Next-gen firewalls have increasingly become part of discussions related to the hedge fund cybersecurity landscape. Understanding exactly what the term encompasses, and how these devices differ from traditional firewalls, can be complicated. Read on to learn more about next-gen firewalls and the role they can play within an organization.
What are next-gen firewalls? Next-gen firewalls refer to a group of security devices that combine a range of security functions into one platform. These features typically include intrusion detection and prevention services, firewalls, and anti-virus software services. Next-gen firewalls were developed to help streamline the management of security operations for firms, providing businesses with a single platform rather than requiring investments in several separate security devices to keep their networks
Why do we need next-gen firewalls? The need for next-gen firewall solutions grew out of today’s ever-changing mobile networking environment. As new devices such as smartphones and tablets, along with applications ranging from Facebook to LinkedIn, have begun to be used on corporate networks, the need for network control has grown greater and more challenging. The benefit to this evolving networking environment is that employees can easily access corporate data from a multitude of devices at almost any location across the globe, improving business efficiency and effectiveness.
Growth of new, unauthorized applications: However, the evolution of the networking environment has also led several unauthorized applications to pop up, making them difficult to track. Traditional firewalls are unable to detect these new applications, making it challenging for administrators to manage and monitor them. Often times, these applications do not contain the appropriate licensing or informed consent, and can include dangerous content, damaging the networks that they are a part of.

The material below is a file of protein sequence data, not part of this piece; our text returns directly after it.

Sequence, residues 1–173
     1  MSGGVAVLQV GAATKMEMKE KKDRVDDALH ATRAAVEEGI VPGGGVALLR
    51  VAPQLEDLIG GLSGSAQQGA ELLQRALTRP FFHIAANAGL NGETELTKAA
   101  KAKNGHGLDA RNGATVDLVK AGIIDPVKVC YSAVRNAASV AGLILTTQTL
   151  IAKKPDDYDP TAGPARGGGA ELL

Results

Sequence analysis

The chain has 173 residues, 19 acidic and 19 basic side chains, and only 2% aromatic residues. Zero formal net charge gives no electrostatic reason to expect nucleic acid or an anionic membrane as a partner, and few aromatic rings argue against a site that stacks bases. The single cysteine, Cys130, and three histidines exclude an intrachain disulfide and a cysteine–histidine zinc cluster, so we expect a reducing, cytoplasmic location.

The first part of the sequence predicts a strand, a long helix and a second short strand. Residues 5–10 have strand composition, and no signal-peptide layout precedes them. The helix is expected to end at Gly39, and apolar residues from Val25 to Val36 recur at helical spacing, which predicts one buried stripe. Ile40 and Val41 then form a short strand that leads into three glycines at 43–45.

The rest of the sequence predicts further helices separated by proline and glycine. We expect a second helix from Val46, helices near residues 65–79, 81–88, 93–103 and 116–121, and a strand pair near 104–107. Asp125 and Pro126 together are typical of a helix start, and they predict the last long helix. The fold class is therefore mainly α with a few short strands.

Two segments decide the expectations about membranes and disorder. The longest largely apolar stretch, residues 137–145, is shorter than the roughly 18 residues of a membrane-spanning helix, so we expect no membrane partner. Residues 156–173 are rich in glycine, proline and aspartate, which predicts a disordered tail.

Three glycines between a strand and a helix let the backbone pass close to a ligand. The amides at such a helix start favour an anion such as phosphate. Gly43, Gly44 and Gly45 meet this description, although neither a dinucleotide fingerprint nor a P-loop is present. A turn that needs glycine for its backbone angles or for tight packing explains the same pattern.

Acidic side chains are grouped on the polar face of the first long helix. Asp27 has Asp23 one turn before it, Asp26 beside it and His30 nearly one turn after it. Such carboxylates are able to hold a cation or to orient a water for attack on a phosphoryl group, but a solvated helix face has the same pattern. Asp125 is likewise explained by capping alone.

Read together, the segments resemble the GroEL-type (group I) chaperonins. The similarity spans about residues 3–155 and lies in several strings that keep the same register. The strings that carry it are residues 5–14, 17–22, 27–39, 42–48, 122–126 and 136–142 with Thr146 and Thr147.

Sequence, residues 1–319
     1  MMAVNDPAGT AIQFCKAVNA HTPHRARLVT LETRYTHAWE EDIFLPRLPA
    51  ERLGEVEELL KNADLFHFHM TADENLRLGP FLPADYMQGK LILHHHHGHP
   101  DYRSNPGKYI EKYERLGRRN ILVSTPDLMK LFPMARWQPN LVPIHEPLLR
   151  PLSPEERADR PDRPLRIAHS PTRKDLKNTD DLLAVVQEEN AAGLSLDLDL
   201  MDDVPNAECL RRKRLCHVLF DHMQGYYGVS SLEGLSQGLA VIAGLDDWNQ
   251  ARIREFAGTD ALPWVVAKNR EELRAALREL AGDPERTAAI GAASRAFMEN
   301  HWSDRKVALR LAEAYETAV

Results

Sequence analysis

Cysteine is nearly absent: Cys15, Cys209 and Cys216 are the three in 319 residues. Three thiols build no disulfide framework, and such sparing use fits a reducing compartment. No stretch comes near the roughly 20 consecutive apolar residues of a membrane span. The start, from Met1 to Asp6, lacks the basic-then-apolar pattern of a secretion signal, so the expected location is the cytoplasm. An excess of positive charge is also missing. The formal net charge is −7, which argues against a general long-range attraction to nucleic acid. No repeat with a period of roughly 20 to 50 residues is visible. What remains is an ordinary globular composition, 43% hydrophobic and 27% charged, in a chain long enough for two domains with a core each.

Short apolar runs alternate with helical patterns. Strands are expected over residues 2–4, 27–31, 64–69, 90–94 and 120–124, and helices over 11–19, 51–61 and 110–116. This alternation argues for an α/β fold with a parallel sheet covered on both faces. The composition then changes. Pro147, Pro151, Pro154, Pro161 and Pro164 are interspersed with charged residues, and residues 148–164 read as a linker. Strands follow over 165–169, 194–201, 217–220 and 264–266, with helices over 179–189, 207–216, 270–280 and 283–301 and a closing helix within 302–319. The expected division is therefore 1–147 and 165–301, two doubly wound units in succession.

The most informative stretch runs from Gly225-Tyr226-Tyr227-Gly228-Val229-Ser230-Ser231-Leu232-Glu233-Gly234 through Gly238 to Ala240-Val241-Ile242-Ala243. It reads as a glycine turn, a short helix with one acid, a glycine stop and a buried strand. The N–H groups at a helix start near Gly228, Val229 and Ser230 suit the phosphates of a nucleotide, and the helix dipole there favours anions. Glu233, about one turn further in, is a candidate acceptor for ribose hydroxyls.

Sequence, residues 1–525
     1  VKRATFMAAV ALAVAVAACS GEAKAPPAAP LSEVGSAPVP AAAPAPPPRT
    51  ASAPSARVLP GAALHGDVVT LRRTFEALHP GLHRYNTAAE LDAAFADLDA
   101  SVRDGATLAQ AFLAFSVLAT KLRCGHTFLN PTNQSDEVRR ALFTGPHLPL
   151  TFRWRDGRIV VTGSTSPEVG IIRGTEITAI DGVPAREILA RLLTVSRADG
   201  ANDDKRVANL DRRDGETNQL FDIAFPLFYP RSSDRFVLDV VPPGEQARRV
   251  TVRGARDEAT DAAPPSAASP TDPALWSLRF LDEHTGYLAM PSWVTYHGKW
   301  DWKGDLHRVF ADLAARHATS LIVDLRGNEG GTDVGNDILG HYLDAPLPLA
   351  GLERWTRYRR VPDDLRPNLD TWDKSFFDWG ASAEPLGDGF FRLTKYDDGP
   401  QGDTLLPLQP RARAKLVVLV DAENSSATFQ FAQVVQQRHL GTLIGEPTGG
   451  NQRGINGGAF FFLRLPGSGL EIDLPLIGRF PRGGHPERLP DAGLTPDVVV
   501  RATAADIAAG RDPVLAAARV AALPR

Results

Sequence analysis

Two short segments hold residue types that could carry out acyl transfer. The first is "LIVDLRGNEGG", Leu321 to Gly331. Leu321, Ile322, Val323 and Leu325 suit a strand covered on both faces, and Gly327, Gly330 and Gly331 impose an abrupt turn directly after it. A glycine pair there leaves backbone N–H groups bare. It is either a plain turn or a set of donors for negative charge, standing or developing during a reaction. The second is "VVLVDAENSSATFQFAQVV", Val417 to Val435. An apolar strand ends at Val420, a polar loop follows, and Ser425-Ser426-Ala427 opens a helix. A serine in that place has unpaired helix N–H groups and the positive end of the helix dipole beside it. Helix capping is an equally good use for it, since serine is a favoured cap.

Why aren’t traditional firewalls adequate? The reason that traditional firewalls are unable to detect this new network activity is because they rely on port numbers and protocol identifiers to distinguish types of network traffic, as well as managing and dictating the procedures having to do with this traffic. Historically, applications were browser based and used on those two types of indicators. However, the new age applications that are popping up today across mobile devices do not utilize these identifiers, thus falling under the radar of administrators. Previously, administrators were able to easily block certain applications based on port numbers and protocol type by creating specific automated rules. In sum, all network traffic appears indistinguishable to traditional firewalls, and these devices cannot correctly identify applications that “tunnel” within other applications or encrypted applications, thus driving the need for more sophisticated security solutions. This is where next-generation firewalls come in. Stay tuned for a future blog post on how web application firewalls work to protect networks against automated and targeted attacks.